Replacing laboratory mice's gut microbiomes with the microbial communities of their wild counterparts alters the lab animals' immune systems and boosts their resistance to colorectal cancer development and influenza.
Despite the many therapies that owe their foundation to findings in mouse models, there's a growing appreciation among scientists that typical lab mice—and, more specifically, the effects of their sterile environs—do not always accurately reflect real-world diseases. Now, a recent study has found that simply replacing their gut microbiome with the microbes of wild mice alters the animals’ immune response, perhaps for the better (Cell 2017;171:1015–28).
The lab mice who received a microbial boost from their wild counterparts were more resistant to inflammation-driven diseases, the authors report, including colorectal cancer and flu.
“Our starting hypothesis was that in nature, the microbiome has co-evolved with its host for millions of years and probably has beneficial health effects that we do not see in laboratory mice,” says study author Barbara Rehermann, MD, of the National Institute of Diabetes and Digestive and Kidney Diseases.
To test that hypothesis, the authors trapped more than 800 wild mice in barns in eight different locations around Maryland and Washington, DC. They characterized the gut microbiota of 98 of these mice using ribosomal RNA profiling and found that the barn animals’ microbiomes, though similar to each other, were very different from those of the laboratory mouse strain C57BL/6. The lab animals’ microbiomes were less complex and were deficient in certain bacterial species present in the wild animals, chiefly Bacteroidetes and Proteobacteria.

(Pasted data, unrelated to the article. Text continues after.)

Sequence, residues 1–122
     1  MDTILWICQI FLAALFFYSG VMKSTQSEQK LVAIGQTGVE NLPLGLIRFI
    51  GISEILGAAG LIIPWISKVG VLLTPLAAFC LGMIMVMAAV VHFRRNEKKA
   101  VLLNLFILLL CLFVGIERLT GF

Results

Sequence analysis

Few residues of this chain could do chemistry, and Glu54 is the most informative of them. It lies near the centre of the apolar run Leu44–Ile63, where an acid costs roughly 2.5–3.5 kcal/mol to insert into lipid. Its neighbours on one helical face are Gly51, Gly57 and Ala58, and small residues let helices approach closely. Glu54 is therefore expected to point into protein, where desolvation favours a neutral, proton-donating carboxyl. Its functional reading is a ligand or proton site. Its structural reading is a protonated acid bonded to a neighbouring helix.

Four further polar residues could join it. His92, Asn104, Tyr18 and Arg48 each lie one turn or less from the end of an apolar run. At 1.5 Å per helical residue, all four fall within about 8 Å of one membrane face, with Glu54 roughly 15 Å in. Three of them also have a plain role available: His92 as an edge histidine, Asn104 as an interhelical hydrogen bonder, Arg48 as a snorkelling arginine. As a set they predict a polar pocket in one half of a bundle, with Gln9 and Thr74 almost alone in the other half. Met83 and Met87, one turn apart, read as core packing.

The researchers isolated wild gut microbiomes and those from laboratory animals and transplanted them into separate groups of laboratory mouse pups reared without microbes. Using a chemical mutagen and a colitis-inducing compound to trigger colorectal cancer, the researchers found that mice with wild microbiomes developed fewer and smaller tumors than those with lab-derived microbiomes. The wild microbiomes also appeared to be protective against influenza—an intranasal injection of the virus killed 83% of the lab microbe–bearing animals, but only 8% of those with wild bacteria on board.
Although the study did not investigate the exact immunologic mechanism behind these differences, “that this extremely diverse microbiota had protective effects [against tumorigenesis] was actually extremely interesting and calls for further in-depth analysis,” says Mathias Heikenwälder, PhD, of the German Cancer Research Centre in Heidelberg, who was not involved in the study.
The findings do not imply that all researchers should add wild microbiomes to their mouse models, says Stephan Rosshart, MD, first author of the study. However, for translational research, he and Rehermann believe the “chimeric meta-organism” they've created not only maintains many of the benefits of the traditional laboratory mouse, but may be more reflective of humans, who also have complex and diverse microbiomes. So far, the transplanted microbiomes have proven to be stable in the lab animals for four generations, even under typical laboratory conditions.
“There is no equivalent in the human population” to lab-reared mice, says Rosshart. “We thought we could preserve everything that is great about the laboratory mouse and optimize it by giving one part back, which is a natural microbiome.” –Rachel Tompa
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